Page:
There is one thing that makes rating The Angel and the Dark River a bit perplexing for me. Back in 1995 I purchased this album in the digipak form, which had The Sexuality of Bereavement as a bonus track. I think it would be at least ten years before I would be informed that this track was not actually part of the album the way it was originally intended. Yes, it did always seem a bit strange to me that there would be a huge death doom track complete with death growls to finish an album where the band had moved away from that sound, but the album sleeve made no mention of it being bonus material so I just took it as part of the package. The thing is...I think The Sexuality of Bereavement could very well be my favourite My Dying Bride track ever! It’s immensely emotionally moving and I don’t think the band integrated violins into their death doom any better than they did on this track. To me, The Sexuality of Bereavement will always be part of The Angel and the Dark River, and nowadays it’s a bonus track on every subsequent re-releases of the album. If I rate this album with its inclusion, I can’t give it anything but full marks. Without it...well, it just falls short due to my personal preference towards the band’s death doom material. It’s a beautiful album though that I listen to regularly and one that brought multitudes of new fans into contact with one of metal’s most esteemed bands.
Do any of you ever like to change the tempo of slow doom metal albums to 2x faster to get it to the speed you prefer? No? Just me? OK... Sure it might be what some of you consider "blasphemous to doom metal", but that's how I listen to some, just SOME super-slow doom metal albums. I think listening to them that way is a nice break from listening to them in the same tempo every other time. Of course, I'm gonna review them at its proper slow speed while making a few shout-outs to my faster mix.
Speeding things up or not, no gothic doom fan would ever put down an outstanding depressing heavy album like The Angel and the Dark River. My Dying Bride have made 6 of the best lengthy atmospheric doom songs to chill you to the bone!
The album starts with the MDB classic hit "The Cry Of Mankind", drifting through slow doom. The song is memorable through its actual 7 minutes, though those last 5 minutes weren't that necessary, repeating that d*mn guitar chord throughout with ambient noises of crickets, distant choirs, and unusual sounds. At least it doesn't badly affect the song nor the album. "From Darkest Skies" starts with bass and chilling violin, followed by deep emotional vocals. Then the song gets heavier with more violin.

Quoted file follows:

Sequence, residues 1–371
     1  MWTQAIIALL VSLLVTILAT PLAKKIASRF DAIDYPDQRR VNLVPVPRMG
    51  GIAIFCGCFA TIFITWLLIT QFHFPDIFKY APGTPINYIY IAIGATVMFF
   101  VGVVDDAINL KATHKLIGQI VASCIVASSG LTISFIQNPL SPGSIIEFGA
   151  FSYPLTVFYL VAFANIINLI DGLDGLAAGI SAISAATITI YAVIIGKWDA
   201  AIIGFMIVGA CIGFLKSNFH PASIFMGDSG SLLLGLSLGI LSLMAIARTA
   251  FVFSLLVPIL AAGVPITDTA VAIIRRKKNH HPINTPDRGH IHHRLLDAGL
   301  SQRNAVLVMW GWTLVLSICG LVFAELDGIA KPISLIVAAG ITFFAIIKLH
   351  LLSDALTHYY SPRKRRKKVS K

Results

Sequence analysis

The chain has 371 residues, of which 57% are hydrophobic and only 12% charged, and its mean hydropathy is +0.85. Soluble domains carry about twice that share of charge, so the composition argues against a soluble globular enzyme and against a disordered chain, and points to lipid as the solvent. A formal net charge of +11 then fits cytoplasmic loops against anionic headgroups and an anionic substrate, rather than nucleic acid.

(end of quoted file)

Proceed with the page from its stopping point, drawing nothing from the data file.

Album favorite "Black Voyage" has everything! All the guitar, bass, vocals, drums and violin are so great, and a bit haunting. "A Sea to Suffer in" is a good composition that can cause anyone to shed tears even after claiming they don't cry.
"Two Winters Only" is an absolutely beautiful song with emotion poured out through fantastic music, though it would've been better not sounding too slow (hence my 2x faster mix). "Your Shameful Heaven" is an outstanding finale, starting with a sweet slow violin before exploding into a heavy mid-tempo riff while still having the depressing vocals. Great riffs, great drums, great speed, faster than the others! Perhaps I didn't have to speed up that song by 2x, but at least I turned it into killer gothic thrash metal.
And now to talk about the bonus track "The Sexuality of Bereavement"! It was originally recorded in the Turn Loose the Swans sessions as a sequel to "The Bitterness and the Bereavement" from their debut As the Flower Withers, but ended up getting left out and released as a single then as a Digipak edition bonus track for this album. The violin intro sound similar to that of the previous track "Your Shameful Heaven" which might make it sound like a continuation of that song, but then it leads slow heavy guitar and growls. That's right, the growling you would hear from Opeth at that time. It's a wonderful song of "desire and wine", and one of the band's best! Glad I finally got to listen.
All I can say is, The Angel and the Dark River is one of the best doom metal albums I've ever heard, regardless of speed. This album is best listened to during a depressing winter when you're staying home during a heavy snowstorm (or rainstorm depending on where you live). If this isn't an essential gothic doom album, I don't know what is!
Favorites: "The Cry of Mankind", "Black Voyage", "Your Shameful Heaven", "The Sexuality of Bereavement" (bonus track)